Lessons from a Jarring Year

Pandemic. Revolution. Political polarization. And, oh the memes! With trace levels of dystopia, this year has been a cataclysm of catastrophe, chaos, conspiracy, and civil unrest. But aside from my unmet expectations, constant disappointments, and myriad frustrations, this year hasn’t been explicitly difficult or substantially challenging for me (some things were actually easier). However, there was this underlying uneasiness that persisted as a result of . . . well, change and abnormality.

Like an instrument panel spinning out of whack, many of the gauges I depended on for orientation proved unreliable. This entire year seemed so aberrant and unstable. I couldn’t tell up from down. I struggled with a constant, inner discontentedness. My heart was unsettled. My stomach was uneasy. My soul was unnerved. But life doesn’t slow down and wait for us to catch up. After trudging (okay, maybe flailing is more accurate) through the grief of this past year, I feel better prepared to move forward—even if circumstances don’t change—because of the lessons God has taught me. As in every trial, we must ask, “What is God trying to teach me?” Here are some of the lessons learned that I plan to take with me into this new year.

1. We Need Grace

I am a fallen and flawed individual (aren’t we all). And my proclivity to sin is only exacerbated by fear, anxiety, discontentment, and especially by isolation and boredom. Of course I knew this already, but now I know it in a fuller, experiential sense. In the tumult of our disappointment, we are tempted to grope in the darkness for rest, satisfaction, and pleasure in all the wrong places. Sin is what we do when we are not satisfied in Christ and we fall for the age-old lie that something else can fulfill us. But running after other gods for refuge only multiplies our sorrow (Psalm 16:4). I confess I was surprised by my sin this past year. I was shocked by the way my depravity reared its ugly head. I was humbled as I sought rest in things other than Christ—lesser things that will never satisfy—and crashed hard when I didn’t find it.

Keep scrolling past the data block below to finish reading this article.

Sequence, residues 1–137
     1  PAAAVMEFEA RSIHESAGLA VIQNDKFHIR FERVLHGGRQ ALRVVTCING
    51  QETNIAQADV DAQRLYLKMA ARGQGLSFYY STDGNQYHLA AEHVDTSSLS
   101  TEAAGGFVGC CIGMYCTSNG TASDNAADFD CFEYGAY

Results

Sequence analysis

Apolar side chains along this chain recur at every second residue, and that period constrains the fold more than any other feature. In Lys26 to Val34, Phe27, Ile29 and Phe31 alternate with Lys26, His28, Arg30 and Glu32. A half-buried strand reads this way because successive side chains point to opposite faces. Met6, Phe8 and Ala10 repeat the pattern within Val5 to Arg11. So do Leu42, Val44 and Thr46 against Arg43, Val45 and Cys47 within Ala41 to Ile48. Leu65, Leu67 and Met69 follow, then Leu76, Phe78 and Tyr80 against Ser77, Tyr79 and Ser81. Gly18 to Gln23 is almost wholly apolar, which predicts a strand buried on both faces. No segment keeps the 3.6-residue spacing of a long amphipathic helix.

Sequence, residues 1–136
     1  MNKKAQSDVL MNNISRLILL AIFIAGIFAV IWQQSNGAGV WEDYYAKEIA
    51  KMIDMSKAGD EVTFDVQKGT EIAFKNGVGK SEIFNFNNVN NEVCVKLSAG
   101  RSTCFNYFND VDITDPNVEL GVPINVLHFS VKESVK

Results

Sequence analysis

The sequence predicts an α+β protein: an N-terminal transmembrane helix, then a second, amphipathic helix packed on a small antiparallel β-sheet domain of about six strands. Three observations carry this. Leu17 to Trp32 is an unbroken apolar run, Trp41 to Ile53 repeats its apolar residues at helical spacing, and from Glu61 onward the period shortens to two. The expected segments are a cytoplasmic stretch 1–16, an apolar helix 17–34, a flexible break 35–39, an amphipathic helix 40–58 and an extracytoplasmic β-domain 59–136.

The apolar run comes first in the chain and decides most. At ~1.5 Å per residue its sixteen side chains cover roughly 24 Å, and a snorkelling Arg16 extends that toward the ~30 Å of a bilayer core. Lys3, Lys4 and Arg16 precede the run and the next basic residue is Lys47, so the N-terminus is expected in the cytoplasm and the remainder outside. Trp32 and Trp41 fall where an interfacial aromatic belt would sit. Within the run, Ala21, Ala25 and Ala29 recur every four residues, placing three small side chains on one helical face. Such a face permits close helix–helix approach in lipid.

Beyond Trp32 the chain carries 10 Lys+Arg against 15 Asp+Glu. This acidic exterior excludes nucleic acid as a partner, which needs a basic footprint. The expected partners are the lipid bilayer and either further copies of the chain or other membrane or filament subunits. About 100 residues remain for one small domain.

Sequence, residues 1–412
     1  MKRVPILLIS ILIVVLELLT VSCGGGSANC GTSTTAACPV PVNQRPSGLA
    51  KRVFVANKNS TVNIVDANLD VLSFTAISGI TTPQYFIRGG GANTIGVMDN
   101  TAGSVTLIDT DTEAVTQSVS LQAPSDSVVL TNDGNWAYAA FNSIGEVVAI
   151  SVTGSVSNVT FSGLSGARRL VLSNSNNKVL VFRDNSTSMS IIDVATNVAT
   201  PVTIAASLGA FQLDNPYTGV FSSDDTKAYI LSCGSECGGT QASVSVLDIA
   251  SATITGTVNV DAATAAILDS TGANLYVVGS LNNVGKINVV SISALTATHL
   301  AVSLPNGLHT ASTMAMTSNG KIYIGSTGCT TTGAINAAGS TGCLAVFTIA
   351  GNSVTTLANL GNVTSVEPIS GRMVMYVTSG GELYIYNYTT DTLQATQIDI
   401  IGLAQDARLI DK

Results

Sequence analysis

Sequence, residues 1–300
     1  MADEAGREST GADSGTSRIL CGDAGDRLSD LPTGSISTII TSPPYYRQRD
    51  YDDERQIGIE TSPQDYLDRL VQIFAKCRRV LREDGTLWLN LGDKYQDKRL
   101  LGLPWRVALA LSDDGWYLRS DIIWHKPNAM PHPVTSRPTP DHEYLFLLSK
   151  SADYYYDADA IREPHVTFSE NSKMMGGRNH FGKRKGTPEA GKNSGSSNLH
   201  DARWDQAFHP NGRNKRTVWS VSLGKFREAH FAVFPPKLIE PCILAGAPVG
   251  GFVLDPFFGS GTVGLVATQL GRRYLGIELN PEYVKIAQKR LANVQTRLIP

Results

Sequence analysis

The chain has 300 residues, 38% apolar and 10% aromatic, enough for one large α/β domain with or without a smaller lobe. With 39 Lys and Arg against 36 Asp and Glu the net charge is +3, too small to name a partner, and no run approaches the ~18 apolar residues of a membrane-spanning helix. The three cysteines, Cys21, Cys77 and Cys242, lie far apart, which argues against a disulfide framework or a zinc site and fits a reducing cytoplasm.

I am thankful that we are not given a one-time allotment of grace at conversion, but an ongoing measure for our pilgrimage because my need is greater than I had thought. I am thankful that he gives more grace (Jas. 4:6) and lavishes it upon me out of his infinite riches (Eph. 1:8). In multiplied trials and failures, he meets us with multiplied grace—grace that covers our sin and more grace that continues to transform our hearts. I’m thankful for the grace I’ve received from others and stand better prepared to offer grace to those struggling.

2. We Need Truth

So much information. So much conflicting information. How are we to sift through the ever widening spectrum of opinions—various ideologies, conspiracy theories, and identity politics; the cancel culture, fact-checking, historical revisions, and propaganda; the widespread ignorance and inconsistencies? The more I listen to talk radio, scroll through social media, and watch the news, I feel more and more like a pawn, a puppet, or a parrot. Like excessive earwax, the overabundance of information can plug our ears to the truth and throw us off balance. Regardless of where you are on the spectrum, we are all grasping for a metanarrative—an overarching paradigm to make sense of this mystery we are immersed in, especially as it becomes more and more complicated. As Christians, we should not be consumed with conspiracy or propaganda; neither should we perpetuate them. Rather we need to focus on the revealed truth we are absolutely certain of and our mission which is undeniably clear (Matt. 28:18-20).

The Gospel is not less than the thrilling news that Jesus died for me. But it is more broad that. The Christian worldview is overarching and comprehensive. It doesn’t provide us with a mere human history, but a cosmic one with Christ at the center (Dan. 7:13-14). And this Christ-centered, God-entranced worldview is the unfiltered reality that every man and woman—whether they know it or not—is longing for. We need to stand on and proclaim this truth. Absolute truth brings clarity, confidence, and conviction in the midst of uncertain circumstances. It is the only reliable foundation to structure our lives on. People are in desperate need of the truth to counter the pervasive hopelessness and fear perpetuated by ideologies and conspiracies. With everyone flocking to opposite poles, this Gospel offends everyone equally. We need truth because it will set us free—free from ourselves, free from the confusion, free from the oppressive presentations of reality around us (Jn. 8:32).

3. We Need Hope